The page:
And since you were good enough to enjoy our deliciously sexy trick, please, have this treat to see you off into the night. Don’t worry about the things in the yard and the things in the trees and the things that go bump in the night–not every nocturnal sound is a scary one, after all!
TS Porter is a talented newcomer who thought it would fun to slip this into the mailbox, and again, we forgot to get a bio before they vanished…but I can tell you that a piece by this author will appear in the forthcoming Like a Haunted Trail sometime next year.
Happy Halloween, Spooky Samhain, and so on and so forth to all!
Fallen Leaves by TS Porter
They lived for that one night every year – not that either of them were alive, anymore. The days turned crisp and cool, the trees erupted with a riot of reds and golds. Summer died on the cold teeth of winter, and for just a single night the lines between the spirit world and the physical world blurred completely away.
Eliza could feel it in the house as October lengthened. Increasingly she felt a prickling at the back of her neck, as though she were being watched. Things moved in the house, not where she’d left them. Doors opened and closed on their own, and quiet footsteps echoed across empty floors. Occasionally she felt the ghostly touch of fingers on her arm, her cheek, brushing across the back of her neck. It was an old house, Eliza had built it for her love centuries before. There had obviously been renovations since then, but at its core it was a very old house. It would be easy to blame it all on a draft, on the settling of an old building as it adjusted to the cold of winter. She knew better.
Eliza dreamed full lips against her own, the softest golden skin in broad curves under her hands – rubbing her face against plump breasts and running her fingers through long dark hair. She dreamed endless kissing, caressing touches all over her body. She yielded eagerly to insistently probing fingers that entered her, stroked and filled and brought her to the peak of pleasure. She dreamed the heat of a pulse shuddering under her teeth and the intoxicating sweetness of her love’s blood on her tongue. No one else tasted so good.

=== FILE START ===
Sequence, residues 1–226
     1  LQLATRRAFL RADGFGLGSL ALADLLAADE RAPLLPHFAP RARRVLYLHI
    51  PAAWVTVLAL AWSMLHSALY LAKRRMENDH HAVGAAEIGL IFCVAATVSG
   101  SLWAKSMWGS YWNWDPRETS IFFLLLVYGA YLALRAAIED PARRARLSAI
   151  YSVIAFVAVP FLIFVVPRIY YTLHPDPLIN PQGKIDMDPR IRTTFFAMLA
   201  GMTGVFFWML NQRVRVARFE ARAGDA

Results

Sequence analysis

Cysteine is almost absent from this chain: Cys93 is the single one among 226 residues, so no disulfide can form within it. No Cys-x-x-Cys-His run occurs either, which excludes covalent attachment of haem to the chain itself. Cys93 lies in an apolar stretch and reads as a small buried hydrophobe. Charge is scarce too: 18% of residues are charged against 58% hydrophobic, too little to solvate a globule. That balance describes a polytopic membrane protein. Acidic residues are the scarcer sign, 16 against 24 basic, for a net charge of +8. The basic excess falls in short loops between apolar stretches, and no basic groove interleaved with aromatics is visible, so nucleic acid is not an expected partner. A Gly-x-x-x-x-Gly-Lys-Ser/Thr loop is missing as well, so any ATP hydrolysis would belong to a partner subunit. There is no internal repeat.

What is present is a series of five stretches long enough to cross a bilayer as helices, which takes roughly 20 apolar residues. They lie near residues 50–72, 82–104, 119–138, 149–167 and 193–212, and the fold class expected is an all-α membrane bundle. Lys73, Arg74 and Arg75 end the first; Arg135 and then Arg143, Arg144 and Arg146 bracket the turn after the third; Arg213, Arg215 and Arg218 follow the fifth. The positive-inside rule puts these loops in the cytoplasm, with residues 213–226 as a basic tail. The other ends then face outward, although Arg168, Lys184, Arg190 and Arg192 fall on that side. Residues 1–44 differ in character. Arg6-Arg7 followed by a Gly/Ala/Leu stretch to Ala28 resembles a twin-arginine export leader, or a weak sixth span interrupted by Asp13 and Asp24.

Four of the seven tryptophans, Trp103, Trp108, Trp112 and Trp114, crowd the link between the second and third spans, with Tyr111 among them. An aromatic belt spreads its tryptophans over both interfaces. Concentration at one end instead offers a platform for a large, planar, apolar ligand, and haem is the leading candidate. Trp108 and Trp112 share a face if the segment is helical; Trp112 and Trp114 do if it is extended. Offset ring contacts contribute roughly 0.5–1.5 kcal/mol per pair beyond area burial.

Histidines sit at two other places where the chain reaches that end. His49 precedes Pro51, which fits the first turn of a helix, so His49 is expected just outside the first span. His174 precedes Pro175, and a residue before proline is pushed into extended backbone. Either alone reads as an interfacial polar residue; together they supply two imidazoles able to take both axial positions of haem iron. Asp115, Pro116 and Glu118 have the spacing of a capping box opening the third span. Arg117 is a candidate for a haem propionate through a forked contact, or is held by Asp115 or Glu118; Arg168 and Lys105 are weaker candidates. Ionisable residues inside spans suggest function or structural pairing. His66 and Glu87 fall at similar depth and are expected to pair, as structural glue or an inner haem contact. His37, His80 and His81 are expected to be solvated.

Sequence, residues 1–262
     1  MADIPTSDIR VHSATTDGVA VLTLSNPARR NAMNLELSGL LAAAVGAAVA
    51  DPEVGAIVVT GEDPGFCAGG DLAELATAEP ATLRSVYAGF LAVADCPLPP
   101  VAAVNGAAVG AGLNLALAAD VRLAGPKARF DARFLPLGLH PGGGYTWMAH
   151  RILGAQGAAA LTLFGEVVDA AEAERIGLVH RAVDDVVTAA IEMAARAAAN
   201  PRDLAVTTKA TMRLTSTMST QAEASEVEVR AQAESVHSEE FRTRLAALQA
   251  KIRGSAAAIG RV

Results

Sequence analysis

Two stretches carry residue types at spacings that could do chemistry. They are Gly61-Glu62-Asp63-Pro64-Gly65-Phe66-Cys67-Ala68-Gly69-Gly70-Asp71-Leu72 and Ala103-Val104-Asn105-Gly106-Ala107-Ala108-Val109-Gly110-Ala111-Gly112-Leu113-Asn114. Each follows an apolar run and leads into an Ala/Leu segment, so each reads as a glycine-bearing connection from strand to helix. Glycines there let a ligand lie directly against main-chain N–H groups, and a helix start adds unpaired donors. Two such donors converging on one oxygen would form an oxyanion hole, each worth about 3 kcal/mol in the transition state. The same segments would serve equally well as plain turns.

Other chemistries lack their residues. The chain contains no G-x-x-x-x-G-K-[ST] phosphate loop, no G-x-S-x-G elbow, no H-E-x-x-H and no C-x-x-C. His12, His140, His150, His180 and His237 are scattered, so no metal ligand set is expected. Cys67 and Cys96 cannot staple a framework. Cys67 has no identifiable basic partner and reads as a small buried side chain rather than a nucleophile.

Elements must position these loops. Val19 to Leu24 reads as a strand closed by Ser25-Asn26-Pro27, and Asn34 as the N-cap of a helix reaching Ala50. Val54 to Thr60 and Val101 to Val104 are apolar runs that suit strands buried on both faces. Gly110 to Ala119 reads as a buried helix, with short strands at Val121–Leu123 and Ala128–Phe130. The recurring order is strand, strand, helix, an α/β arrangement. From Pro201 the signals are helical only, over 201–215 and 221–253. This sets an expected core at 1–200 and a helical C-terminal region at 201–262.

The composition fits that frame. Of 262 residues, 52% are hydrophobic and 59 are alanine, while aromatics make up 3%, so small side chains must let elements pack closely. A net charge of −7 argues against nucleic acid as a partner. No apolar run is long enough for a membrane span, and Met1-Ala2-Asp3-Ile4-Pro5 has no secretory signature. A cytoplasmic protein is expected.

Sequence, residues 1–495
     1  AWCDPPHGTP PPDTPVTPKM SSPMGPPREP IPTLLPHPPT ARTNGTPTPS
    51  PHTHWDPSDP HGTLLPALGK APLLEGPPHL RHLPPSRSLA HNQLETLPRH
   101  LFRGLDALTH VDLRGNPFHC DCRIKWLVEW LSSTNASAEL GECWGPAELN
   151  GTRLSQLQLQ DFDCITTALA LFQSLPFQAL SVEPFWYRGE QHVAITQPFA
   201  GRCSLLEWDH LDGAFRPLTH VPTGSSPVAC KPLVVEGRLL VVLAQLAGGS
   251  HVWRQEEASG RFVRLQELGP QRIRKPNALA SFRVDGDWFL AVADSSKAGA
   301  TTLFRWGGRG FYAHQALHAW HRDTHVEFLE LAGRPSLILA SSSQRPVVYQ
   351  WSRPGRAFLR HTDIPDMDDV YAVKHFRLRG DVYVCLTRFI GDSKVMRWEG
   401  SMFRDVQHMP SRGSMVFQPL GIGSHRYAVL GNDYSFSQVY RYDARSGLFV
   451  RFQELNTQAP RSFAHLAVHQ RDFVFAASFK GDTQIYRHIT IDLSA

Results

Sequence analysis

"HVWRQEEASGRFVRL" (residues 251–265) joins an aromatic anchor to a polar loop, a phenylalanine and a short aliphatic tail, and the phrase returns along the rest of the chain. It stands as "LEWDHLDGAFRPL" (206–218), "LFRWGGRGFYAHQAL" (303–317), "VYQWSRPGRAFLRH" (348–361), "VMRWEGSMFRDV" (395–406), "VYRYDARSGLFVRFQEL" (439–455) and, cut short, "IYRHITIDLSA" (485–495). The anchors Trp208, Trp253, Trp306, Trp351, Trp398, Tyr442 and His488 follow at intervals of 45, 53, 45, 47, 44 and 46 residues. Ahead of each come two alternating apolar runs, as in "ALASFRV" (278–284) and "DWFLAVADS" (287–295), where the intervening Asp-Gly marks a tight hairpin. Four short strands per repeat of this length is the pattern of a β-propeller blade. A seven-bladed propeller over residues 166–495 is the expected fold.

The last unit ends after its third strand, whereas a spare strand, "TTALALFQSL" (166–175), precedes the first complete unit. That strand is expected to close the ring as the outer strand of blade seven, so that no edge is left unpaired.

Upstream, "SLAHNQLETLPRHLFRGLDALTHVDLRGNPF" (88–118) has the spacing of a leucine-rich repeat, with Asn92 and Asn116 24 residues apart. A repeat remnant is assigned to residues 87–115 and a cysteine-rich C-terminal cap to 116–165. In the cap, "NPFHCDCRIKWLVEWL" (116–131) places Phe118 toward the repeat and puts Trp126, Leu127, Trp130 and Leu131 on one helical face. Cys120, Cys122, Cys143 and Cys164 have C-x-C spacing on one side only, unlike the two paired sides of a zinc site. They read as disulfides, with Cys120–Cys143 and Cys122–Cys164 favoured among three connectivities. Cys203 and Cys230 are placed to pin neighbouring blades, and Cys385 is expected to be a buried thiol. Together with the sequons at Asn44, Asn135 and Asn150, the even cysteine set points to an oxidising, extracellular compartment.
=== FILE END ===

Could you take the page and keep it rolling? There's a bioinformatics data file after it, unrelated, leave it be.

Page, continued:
She woke in the evening with a second depression on the bed beside her and ran her cold fingertips across the silk sheets, feeling the ghost warmth with a smile.
It was like this every year as the walls between them began to fall away. Eliza purchased the latest fashion magazines and left them in a neat stack on the coffee table. Over the next days she found them other places around the house – as though someone had been paging through one curled up in the window seat overlooking the night garden, or lounging across the bed, or on the couch by the fire.
Eliza sometimes caught a glimpse of a raven haired woman in a red dress as she walked through the house, just a hint from the corner of her eye, but whenever she looked back there was nothing. Just mirrors that reflected an empty house back through her.
The month wore itself to a close, vivid dying leaves fell from the trees, and finally it was time. Eliza brought up a bottle of rich red wine from the cellar, a good year from a wonderful vineyard that tasted like home. She let it breathe while she dressed herself in the very best of her clothes.
She sat by the fire and poured the wine as the sun set, the welcome dark of this one night settling in. Eliza could feel the change in the air, a presence when her love could finally join her. Lightly glowing fingers wrapped around the stem of one of the wine glasses, and Eliza finally looked up to see her love seated on the other end of the couch.
Rosabel was every bit as gorgeous as she’d ever been in life. She wore a very modern slinky red dress with a slit up to the thigh, but her long black hair she still wore in a crown atop her head, bound in ribbons. She moaned as she sipped the wine, a happy hum with ruby drops on her soft lips.
Rosabel’s warm brown eyes crinkled at the corners in a smile as she set the glass aside.
“My love,” she greeted, reaching toward Eliza. Eliza took Rosabel’s hand in hers. It was warm and her skin was smooth, so very much like how she’d felt in life.
“Eliza?” the ghost asked, reaching up to softly wipe away a tear from Eliza’s cheek.
“It’s just been a long year,” Eliza shook her head. “I missed you.”
“No, dolcezza…” Rosabel crooned, tugging on her hand, and Eliza couldn’t hold back any longer. She fell into her love’s arms, holding as close and tight as she could. “I know, I know,” Rosabel soothed, gentle fingers stroking through Eliza’s hair. “I’m here now. I’m here.”
Eliza leaned up to kiss the smoky wine from Rosabel’s perfect lips, her own glass forgotten. There would be time for wine later. There would be time for talking, to tell the most important of everything that was new. There would be time for dancing, Eliza had new music of their old dances to share. There would be time to make love. Eliza would have the chance to worship Rosabel’s body, to feel and taste and brand her love into her memory for another year.
They lived for this one night every year – neither of them alive, but each eternal in their own way. They were nothing but bright leaves fallen from the tree – but did not leaves dance as they fell?
They would dance as long as they might.